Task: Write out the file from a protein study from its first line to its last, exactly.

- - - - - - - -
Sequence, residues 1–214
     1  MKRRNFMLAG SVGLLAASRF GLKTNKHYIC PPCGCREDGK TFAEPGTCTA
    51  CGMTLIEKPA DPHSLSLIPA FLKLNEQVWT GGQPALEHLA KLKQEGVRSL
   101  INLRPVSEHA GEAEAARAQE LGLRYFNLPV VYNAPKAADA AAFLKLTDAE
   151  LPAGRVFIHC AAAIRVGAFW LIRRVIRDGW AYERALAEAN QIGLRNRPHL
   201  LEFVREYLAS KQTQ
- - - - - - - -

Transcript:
Sequence, residues 1–214
     1  MKRRNFMLAG SVGLLAASRF GLKTNKHYIC PPCGCREDGK TFAEPGTCTA
    51  CGMTLIEKPA DPHSLSLIPA FLKLNEQVWT GGQPALEHLA KLKQEGVRSL
   101  INLRPVSEHA GEAEAARAQE LGLRYFNLPV VYNAPKAADA AAFLKLTDAE
   151  LPAGRVFIHC AAAIRVGAFW LIRRVIRDGW AYERALAEAN QIGLRNRPHL
   201  LEFVREYLAS KQTQ